This large drop in stocks was lower than any analyst was guessing, and the market reacted positively to it. For the week ending Sept. 28, November 2017 soybeans were down 24.75 cents. January soybeans were down 24.25 cents.

The favorite phrase around the marketing community is "better than expected yields" for the early harvest. Was everybody expecting worse than average yields for much of the Midwest? There were trouble areas in the "I" states and Dakotas, and that is what dominated the news this summer.

Soybeans looked in tough shape early in the year, but for the most part August was an almost perfect growing month for soybeans. Soybean yields are made in August. There was cool weather early in August that helped stop drought conditions from worsening, and rains started falling just in time to save a lot of yield potential.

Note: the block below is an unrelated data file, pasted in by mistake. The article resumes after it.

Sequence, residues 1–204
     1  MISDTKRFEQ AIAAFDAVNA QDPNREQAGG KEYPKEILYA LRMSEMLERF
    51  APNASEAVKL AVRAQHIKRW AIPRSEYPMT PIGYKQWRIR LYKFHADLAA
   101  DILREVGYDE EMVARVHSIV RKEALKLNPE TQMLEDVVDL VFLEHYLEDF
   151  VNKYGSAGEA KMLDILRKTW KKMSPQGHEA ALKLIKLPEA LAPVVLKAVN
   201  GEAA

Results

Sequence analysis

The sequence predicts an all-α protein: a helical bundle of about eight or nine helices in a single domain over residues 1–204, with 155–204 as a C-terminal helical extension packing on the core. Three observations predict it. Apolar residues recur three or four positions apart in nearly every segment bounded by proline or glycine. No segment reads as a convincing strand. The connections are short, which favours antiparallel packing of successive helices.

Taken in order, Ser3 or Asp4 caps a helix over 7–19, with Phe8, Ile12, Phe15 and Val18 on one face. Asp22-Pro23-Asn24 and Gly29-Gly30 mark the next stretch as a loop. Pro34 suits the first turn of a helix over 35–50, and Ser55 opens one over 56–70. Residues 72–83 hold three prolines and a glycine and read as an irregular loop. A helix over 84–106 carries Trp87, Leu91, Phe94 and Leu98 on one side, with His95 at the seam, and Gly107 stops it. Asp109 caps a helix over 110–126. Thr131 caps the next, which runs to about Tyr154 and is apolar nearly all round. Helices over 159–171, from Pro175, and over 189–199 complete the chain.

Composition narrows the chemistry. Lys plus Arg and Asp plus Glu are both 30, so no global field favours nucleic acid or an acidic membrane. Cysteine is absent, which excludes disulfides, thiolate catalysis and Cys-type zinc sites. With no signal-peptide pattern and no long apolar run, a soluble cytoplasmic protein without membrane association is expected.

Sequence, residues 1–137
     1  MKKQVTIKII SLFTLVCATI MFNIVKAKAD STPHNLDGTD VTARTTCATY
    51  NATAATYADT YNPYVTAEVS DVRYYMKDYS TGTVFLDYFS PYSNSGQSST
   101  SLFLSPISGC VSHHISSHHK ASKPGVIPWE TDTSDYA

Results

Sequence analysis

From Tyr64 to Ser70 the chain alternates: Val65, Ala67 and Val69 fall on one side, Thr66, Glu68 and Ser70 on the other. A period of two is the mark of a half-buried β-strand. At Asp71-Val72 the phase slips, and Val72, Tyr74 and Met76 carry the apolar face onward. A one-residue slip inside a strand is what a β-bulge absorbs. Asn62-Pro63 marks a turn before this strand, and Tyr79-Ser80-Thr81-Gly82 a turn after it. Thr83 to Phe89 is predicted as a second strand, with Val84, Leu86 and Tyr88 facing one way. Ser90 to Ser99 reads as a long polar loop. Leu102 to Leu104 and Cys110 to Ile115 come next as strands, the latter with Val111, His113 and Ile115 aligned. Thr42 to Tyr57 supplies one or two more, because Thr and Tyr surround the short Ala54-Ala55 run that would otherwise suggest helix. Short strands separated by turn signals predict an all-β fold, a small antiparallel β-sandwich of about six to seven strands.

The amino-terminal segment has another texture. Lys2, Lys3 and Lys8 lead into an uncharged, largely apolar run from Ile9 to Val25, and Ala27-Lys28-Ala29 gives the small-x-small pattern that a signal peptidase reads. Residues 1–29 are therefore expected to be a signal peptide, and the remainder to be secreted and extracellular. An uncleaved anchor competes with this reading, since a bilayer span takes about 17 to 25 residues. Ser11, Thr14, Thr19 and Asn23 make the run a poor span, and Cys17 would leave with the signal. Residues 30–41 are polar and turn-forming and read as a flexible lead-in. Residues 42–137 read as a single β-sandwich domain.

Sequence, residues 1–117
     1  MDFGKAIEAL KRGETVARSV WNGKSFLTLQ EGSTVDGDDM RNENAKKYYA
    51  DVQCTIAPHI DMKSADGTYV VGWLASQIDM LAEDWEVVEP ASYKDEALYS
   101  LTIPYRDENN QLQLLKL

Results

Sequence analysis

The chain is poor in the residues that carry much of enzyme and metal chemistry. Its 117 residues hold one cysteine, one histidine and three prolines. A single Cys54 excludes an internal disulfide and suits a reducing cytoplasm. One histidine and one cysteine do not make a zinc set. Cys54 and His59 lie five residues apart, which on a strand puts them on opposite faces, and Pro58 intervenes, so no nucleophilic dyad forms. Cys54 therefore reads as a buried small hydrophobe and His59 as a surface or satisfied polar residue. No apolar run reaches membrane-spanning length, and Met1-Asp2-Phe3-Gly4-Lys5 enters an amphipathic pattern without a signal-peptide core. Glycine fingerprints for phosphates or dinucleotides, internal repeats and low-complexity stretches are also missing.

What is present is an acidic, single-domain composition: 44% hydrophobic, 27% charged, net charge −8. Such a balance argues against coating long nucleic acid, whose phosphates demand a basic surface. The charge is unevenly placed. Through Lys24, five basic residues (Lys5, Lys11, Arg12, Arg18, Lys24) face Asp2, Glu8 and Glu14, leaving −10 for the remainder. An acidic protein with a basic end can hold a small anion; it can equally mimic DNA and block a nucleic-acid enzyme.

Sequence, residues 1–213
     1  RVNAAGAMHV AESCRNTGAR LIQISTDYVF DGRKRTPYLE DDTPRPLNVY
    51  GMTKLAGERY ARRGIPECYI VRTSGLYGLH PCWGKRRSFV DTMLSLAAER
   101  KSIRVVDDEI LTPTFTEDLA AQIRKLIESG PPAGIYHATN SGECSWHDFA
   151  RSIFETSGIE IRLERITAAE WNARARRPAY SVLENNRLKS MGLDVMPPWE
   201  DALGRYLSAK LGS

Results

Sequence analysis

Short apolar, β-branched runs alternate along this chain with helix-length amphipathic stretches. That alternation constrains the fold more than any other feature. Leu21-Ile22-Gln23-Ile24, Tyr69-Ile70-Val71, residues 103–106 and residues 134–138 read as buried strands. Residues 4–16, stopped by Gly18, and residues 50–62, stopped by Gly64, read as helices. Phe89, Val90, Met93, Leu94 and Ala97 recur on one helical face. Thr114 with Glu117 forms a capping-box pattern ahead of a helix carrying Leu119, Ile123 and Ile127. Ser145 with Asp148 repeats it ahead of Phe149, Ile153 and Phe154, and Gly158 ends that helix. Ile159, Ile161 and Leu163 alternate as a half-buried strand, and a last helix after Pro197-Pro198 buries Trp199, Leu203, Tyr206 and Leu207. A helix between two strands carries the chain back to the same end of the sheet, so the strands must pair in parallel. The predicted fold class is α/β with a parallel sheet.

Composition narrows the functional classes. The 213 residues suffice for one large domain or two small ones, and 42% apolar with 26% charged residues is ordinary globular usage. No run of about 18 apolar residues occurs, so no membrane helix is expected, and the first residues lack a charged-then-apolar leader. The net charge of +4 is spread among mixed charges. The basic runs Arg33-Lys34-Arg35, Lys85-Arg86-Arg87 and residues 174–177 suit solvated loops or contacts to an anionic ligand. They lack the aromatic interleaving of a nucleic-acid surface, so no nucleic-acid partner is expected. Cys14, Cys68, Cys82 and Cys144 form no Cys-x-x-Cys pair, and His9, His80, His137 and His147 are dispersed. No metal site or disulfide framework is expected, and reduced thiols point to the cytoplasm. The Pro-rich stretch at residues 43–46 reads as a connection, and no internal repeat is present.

The USDA was in the camp of better than average yields because of August weather. There was a lot of variability around the country, and that is why this year's production is going to be so hard to peg. Some farmers are getting yields as good as last year, which is surprising to them, but this year's crop is not as uniform as last year.

Overall yields probably won't be as good as last year, but that was an exceptional year. Could the USDA be high on their September report yield estimates? There is a good possibility of that, but don't be surprised if yields end up better than what farmers "were expecting."

If early harvest is any indication for things to come, the U.S. won't have any shortage of beans again this year. Early frost concerns also provided support, but those concerns are in the past now as we get into October.